Texas A&M receives EAGER grant from National Science Foundation

EAGER grant

A research team from Texas A&M University that includes two professors from the Department of Materials Science and Engineering, has received an Early Concept Grant for Exploratory Research (EAGER) from the National Science Foundation (NSF) to research and test a transformative building system that engages interdisciplinary teams from the College of Architecture and the Dwight Look College of Engineering.

The project, “Interaction of Smart Materials for Transparent, Self-regulating Building Skins,” is led by Dr. Zofia Rybkowski, assistant professor in the construction science.

Collaborators on the project include: Dr. Negar Kalantar, assistant professor in the Department of Architecture, Dr. Tahir Cagin, professor in the Department of Materials Science and Engineering, Dr. Ergun Akleman, professor in the Department of Visualization and Dr. Terry Creasy, associate professor in the Department of Materials Science and Engineering.

The project aims to harness the inherent properties of smart materials such as shape memory alloys, bi-metallic strips, piezoelectric materials and stimuli-responsive polymers and explore their interaction in transparent building skin—thus replacing resource-, energy-, and labor-intensive forms of traditional building infrastructure such as mechanical electrical and plumbing systems.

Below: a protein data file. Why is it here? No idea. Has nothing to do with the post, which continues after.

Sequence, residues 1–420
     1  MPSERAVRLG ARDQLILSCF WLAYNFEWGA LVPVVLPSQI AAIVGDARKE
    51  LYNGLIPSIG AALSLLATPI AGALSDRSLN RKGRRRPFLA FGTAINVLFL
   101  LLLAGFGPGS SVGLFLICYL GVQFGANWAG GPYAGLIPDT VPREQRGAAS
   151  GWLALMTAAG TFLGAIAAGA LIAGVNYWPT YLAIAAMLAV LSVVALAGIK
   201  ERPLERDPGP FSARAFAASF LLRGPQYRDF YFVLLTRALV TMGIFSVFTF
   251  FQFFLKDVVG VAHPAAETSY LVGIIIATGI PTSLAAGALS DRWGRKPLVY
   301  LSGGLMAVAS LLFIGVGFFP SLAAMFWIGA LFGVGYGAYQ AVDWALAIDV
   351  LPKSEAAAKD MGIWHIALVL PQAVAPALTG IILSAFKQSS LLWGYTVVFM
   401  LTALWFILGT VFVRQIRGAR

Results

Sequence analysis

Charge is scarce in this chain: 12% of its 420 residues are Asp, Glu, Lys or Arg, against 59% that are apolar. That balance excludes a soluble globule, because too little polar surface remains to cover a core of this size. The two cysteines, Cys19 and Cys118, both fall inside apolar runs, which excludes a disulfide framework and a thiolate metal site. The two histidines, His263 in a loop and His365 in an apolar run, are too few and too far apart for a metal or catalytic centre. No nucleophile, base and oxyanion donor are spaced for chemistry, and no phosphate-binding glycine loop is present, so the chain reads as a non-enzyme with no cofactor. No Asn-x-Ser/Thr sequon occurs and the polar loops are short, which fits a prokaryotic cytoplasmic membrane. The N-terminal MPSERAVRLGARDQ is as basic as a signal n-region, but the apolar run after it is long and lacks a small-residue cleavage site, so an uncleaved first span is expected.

“Imagine cutting the traditional umbilical cords of a building and harvesting air, water and energy through a building’s skin instead,” Rybkowski said. “Naturally this is a pretty futuristic proposition, but that is what makes an exploratory project like this so exciting. The newest generation of smart materials that can interact with the environment is starting to make this kind of vision actually feasible. We were inspired by stomata of plant leaves that open and close in response to humidity in the air. We can mimic this in building skins using new types of materials that can respond to environmental cues without sensors.”

If successful, the skins would help make buildings self-regulating, reducing the need for complicated software and making facility management more efficient.

EAGER is the NSF’s mechanism to fund “high risk/high reward” projects that are not likely to make it through the regular peer review process.

During the exploratory 24-month EAGER project, interdisciplinary teams comprised of students from architecture and materials science and engineering will investigate the interaction of smart materials within innovative building skins and fabricate and test these interactions during two semester-long workshops.

“We formed organically around an idea that excited us all,” Rybkowski said. “We have a faculty team of five and a host of graduate students from architecture, materials science and engineering, construction science and visualization. This type of representation is quite unusual.

“The group gets larger and larger with each meeting as students and faculty hear about the project. Some are invited and others just show up to the weekly discussions with a flash drive they wish to share. There is a spirit of free sharing of knowledge and ideas. It’s wonderful.”